Amazon’s renowned secrecy encompasses its response to a new security issue, withholding info that could help victims protect themselves.
Amazon emailed users Tuesday, warning them that it exposed an unknown number of customer email addresses after a “technical error” on its website.
When reached for comment, an Amazon spokesperson told TechCrunch that the issue exposed names as well as email addresses. “We have fixed the issue and informed customers who may have been impacted.” The company emailed all impacted users to be cautious.
In response to a request for specifics, a spokesperson said the company had “nothing to add beyond our statement.” The company denies there was a data breach of its website of any of its systems, and says it’s fixed the issue, but dismissed our request for more info including the cause, scale and circumstances of the error.
Amazon’s reticence here puts those impacted at greater risk. Users don’t know which of Amazon’s sites was impacted, who their email address could have been exposed to, or any ballpark figure of the number of victims. It’s also unclear whether it has or plans to contact any government regulatory bodies.
“We’re contacting you to let you know that our website inadvertently disclosed your email address due to a technical error,” said Amazon in the email with the subject line: “Important Information about your Amazon.com Account.” The only details Amazon provided were that: “The issue has been fixed. This is not a result of anything you have done, and there is no need for you to change your password or take any other action.”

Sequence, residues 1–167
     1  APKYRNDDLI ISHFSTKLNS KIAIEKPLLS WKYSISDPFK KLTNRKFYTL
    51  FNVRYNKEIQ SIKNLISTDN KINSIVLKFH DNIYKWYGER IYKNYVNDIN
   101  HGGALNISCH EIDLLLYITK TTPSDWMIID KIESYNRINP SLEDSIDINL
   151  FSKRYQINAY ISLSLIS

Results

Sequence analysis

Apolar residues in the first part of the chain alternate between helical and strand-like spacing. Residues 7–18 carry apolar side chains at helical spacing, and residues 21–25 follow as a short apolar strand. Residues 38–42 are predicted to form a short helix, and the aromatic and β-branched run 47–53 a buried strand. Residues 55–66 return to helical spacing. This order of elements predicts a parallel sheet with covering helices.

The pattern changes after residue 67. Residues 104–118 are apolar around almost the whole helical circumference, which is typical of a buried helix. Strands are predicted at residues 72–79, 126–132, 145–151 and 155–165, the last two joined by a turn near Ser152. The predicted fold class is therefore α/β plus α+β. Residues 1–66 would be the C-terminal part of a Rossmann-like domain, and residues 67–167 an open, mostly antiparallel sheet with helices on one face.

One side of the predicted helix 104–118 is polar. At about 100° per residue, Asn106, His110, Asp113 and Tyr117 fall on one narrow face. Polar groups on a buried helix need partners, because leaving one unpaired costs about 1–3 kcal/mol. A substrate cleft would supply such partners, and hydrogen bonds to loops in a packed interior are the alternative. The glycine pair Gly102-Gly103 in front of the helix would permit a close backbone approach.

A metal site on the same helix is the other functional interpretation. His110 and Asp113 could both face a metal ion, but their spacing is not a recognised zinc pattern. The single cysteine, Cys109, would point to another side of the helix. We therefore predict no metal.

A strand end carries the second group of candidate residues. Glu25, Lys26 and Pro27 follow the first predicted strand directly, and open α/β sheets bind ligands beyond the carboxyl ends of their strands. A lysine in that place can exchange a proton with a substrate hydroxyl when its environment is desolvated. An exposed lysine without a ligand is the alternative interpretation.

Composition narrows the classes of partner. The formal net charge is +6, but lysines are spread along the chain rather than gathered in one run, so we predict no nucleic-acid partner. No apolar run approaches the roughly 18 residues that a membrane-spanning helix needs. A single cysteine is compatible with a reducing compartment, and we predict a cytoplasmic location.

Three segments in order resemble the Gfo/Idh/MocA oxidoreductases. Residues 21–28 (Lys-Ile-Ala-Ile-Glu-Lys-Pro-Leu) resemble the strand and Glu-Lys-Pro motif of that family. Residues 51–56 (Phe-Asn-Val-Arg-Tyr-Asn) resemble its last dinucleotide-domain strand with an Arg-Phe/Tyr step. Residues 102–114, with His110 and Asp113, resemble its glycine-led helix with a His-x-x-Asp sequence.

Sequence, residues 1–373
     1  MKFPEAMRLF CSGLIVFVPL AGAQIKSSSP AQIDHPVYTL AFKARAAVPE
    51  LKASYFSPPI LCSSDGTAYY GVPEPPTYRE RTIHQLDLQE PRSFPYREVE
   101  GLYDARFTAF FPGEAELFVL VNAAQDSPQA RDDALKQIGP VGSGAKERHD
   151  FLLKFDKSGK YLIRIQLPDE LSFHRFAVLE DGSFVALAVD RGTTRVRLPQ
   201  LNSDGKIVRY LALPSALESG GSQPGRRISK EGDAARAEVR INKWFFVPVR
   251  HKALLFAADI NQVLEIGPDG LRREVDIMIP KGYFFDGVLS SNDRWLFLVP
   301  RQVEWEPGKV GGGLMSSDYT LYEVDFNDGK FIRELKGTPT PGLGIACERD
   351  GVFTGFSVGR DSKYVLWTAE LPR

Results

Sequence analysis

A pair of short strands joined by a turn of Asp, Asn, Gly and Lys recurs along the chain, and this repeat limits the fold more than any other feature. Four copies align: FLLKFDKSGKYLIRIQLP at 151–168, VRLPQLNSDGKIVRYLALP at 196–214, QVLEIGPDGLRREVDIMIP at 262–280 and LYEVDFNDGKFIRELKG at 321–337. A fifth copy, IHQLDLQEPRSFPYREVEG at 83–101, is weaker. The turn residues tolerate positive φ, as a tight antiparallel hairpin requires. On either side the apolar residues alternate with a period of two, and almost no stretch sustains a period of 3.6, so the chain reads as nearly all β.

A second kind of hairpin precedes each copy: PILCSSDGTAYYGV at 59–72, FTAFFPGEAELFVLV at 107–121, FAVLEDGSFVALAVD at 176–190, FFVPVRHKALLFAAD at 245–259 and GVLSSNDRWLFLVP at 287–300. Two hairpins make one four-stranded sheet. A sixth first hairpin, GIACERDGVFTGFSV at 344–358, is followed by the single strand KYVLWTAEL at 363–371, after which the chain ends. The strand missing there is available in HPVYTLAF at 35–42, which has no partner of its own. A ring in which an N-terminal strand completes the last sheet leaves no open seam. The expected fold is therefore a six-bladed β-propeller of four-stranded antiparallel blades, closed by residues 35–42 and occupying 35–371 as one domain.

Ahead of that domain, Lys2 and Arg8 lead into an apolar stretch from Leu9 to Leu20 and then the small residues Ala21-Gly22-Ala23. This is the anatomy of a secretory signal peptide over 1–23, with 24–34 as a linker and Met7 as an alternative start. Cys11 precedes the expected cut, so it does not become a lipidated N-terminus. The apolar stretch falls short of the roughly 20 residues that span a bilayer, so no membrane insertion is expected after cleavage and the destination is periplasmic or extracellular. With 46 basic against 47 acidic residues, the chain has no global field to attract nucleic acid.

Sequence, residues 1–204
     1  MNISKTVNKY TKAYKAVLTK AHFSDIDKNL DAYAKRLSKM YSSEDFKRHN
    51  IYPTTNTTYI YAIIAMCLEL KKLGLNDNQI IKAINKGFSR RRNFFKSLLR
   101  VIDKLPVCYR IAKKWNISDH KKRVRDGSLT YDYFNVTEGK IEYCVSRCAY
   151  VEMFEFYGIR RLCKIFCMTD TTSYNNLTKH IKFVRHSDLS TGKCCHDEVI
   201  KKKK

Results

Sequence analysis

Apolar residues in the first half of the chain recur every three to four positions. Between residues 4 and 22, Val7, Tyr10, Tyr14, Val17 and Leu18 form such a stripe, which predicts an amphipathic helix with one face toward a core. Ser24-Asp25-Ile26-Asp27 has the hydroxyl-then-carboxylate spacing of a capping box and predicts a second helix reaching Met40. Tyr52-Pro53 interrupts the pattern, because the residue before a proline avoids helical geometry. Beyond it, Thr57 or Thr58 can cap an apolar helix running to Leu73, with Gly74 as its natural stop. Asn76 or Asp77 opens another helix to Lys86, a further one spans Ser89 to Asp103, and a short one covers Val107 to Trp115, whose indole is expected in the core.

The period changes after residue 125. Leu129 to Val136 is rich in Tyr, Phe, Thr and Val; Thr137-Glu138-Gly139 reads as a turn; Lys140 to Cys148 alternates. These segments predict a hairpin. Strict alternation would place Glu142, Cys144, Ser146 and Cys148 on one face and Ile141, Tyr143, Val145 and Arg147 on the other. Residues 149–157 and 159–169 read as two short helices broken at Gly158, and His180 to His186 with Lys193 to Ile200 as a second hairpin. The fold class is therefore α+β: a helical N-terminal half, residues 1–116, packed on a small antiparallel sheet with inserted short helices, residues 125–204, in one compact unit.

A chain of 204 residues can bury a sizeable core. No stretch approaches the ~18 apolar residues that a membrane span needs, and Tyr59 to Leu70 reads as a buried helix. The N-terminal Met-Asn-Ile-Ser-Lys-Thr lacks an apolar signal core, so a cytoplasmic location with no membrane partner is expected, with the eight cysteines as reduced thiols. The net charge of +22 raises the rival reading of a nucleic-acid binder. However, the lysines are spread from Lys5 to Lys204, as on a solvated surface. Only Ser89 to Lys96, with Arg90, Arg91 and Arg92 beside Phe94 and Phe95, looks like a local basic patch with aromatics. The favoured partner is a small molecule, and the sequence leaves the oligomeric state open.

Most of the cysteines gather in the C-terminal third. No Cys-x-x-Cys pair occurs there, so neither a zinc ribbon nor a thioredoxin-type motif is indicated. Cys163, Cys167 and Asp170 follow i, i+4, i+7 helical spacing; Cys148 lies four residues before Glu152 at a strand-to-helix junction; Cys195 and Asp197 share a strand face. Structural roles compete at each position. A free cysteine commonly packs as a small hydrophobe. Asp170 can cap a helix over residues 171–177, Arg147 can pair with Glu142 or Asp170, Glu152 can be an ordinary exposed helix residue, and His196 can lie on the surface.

The security lapse comes days ahead of one of the busiest retail days of the year, the post-Thanksgiving holiday sales day, Black Friday. The issue could scare users away from Amazon, which could be problematic for revenue if the issue impacted a wide number of users just before the heavy shopping day.
Amazon’s vague and non-specific email also sparked criticism from users — including security experts — who accused the company of withholding information. Some said that the correspondence looked like a phishing email, used to trick customers into turning over account information.
Customers in the U.S., the U.K. and Europe have reported receiving an email from Amazon.
Amazon, as a Washington-based company, is required to inform the state attorney general of data incidents involving 500 state residents or more. Yet, in Europe, where data protection rules are stronger — even in the wake of the recently introduced General Data Protection Regulation (GDPR) — it’s less clear if Amazon needs to disclose the incident.
The U.K.’s data protection regulator, the Information Commissioner’s Office, told TechCrunch: “Under the GDPR, organizations must assess if a breach should be reported to the ICO, or to the equivalent supervisory body if they are not based in the UK.”
“It is always the company’s responsibility to identify when UK citizens have been affected as part of a data breach and take steps to reduce any harm to consumers,” a spokesperson said. “The ICO will however continue to monitor the situation and cooperate with other supervisory authorities where required.”
To continue earning our trust, technology companies need to be forthcoming and transparent when security problems arise. Not only does that provide victims with the maximum amount of information they can use to recover and avoid future problems, but it also gives users confidence that their data is being responsibly managed no matter what happens.
People fear what they don’t understand, and for now, Amazon is failing to help the public understand what happened.
TechCrunch’s Natasha Lomas contributed to this report.